Thursday, 15 November 2012
Margate main sands and a November ramble.
On arrival I noticed the low water area that had washed out a fortnight ago resembled the lunar landscape with holes everywhere. This is due to the daily pounding the area receives from metal detector users in their quest for gold as there were also discarded metal items to be seen. The popularity of beachcombing at Margate was also evident as there was a complete absence of the surface finds often associated with the area like the weather beaten shards of patterned crockery for example. I not sure if it is me blogging the fact that Margate main sands are a historical goldmine, but these days I am never short of company something I do welcome. However, I am sure that will change when the thermometer hits the minus and the northerly winds hit the beaches head on.
Today I set out with a different approach as I have been thinking for some time that I am becoming to reliant on surface finds and it is about time I did some proper digging. Digging holes in wet sand mixed with shingle and clay is hard work and I am sure not many people will be following in my footsteps on that one.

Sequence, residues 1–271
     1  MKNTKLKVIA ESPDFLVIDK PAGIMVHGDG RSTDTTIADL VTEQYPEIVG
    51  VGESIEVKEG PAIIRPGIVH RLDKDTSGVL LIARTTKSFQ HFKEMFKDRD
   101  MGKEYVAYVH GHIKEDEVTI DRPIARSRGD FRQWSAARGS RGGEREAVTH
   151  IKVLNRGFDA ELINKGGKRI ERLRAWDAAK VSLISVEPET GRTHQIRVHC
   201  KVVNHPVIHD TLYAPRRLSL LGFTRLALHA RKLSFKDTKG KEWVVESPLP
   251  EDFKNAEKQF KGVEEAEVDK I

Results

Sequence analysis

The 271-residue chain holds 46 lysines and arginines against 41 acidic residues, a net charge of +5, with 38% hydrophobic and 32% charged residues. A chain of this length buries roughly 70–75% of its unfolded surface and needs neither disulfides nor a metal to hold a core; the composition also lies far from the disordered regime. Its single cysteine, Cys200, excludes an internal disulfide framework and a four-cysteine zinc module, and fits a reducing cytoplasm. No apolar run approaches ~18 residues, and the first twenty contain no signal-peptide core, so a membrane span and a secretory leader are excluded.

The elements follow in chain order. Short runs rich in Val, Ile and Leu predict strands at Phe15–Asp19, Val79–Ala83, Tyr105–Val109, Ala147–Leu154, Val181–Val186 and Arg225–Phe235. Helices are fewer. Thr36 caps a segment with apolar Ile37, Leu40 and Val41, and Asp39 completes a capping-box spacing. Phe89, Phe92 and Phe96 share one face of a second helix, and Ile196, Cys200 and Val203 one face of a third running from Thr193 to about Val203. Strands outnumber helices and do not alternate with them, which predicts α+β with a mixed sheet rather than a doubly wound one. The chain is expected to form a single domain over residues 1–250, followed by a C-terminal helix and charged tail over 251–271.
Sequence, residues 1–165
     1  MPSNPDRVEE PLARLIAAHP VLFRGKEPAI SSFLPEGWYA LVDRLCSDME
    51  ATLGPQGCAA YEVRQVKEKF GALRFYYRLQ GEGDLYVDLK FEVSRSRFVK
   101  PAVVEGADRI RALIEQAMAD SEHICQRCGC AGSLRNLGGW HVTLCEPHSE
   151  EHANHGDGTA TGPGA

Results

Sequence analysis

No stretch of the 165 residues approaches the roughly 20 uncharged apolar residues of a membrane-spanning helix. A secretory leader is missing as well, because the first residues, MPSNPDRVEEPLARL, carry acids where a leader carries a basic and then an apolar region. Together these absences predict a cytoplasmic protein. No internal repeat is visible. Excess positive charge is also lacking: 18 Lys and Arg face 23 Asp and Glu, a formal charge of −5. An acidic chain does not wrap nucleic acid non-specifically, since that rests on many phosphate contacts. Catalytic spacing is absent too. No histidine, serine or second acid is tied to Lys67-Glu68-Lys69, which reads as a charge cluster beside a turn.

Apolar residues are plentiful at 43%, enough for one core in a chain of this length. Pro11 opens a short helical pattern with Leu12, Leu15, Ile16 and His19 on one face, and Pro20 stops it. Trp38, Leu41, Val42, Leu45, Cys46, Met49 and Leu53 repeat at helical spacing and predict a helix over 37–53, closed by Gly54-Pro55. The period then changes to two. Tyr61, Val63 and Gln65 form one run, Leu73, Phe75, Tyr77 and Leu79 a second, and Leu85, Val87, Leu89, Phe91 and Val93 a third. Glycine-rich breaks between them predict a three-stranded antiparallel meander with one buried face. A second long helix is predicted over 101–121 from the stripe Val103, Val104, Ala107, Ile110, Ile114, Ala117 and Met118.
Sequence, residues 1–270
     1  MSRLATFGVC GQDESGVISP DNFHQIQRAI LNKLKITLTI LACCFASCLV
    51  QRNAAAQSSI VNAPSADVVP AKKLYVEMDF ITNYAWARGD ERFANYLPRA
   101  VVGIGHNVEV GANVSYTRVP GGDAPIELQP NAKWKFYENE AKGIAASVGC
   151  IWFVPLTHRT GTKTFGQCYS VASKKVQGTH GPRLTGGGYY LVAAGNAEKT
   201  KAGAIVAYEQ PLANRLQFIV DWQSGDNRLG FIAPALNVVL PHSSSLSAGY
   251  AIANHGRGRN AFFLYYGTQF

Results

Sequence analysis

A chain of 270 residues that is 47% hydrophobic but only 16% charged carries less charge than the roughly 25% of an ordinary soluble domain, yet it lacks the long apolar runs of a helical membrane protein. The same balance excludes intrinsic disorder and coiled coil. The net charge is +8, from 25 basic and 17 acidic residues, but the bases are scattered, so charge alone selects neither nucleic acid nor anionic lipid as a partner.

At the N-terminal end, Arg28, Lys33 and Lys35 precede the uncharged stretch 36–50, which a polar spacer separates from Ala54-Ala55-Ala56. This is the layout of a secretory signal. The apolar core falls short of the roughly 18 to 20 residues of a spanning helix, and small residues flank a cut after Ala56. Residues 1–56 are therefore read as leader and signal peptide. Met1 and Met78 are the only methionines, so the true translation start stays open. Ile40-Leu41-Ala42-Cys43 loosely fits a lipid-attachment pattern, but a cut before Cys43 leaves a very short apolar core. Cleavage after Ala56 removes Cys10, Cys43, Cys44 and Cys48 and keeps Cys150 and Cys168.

Like everything else on the beach, where to dig does take a bit of working out because there is no such thing as a historical layers like inland, so today was dedicated to digging pilot holes. It is surprising that some areas of the beach at low water are not far off from the clay bed from the old creek which makes the prospect of digging for finds in the future more promising.
Today I came across the most common find that can be found on any Victorian site in the country and Margate is no exception. The piece in question being a fragment of a James Keiller & sons Dundee Marmalade pot and everyone who has ever dug a Victorian site has most definitely came across a piece.
I am not sure of the date of this fragment even though it states that James Keiller won a medal of merit for his marmalade in Vienna in 1873. All I can think of is that it must be post 1878 as that was the year when transfer printing on earthenware pots were perfected.